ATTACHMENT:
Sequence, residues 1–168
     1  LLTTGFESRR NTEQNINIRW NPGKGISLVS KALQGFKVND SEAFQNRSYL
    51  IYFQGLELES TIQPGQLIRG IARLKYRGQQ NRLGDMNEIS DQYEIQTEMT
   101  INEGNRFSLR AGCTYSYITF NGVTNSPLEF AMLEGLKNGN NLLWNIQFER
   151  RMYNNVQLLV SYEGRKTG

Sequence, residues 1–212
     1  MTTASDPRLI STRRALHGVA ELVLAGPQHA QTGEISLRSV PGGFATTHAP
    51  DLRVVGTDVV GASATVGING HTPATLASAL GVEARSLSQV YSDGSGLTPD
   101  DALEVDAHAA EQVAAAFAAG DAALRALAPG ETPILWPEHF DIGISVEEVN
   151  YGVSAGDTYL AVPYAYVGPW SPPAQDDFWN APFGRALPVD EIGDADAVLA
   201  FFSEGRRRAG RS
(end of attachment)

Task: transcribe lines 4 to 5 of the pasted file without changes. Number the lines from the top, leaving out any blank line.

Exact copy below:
   101  INEGNRFSLR AGCTYSYITF NGVTNSPLEF AMLEGLKNGN NLLWNIQFER
   151  RMYNNVQLLV SYEGRKTG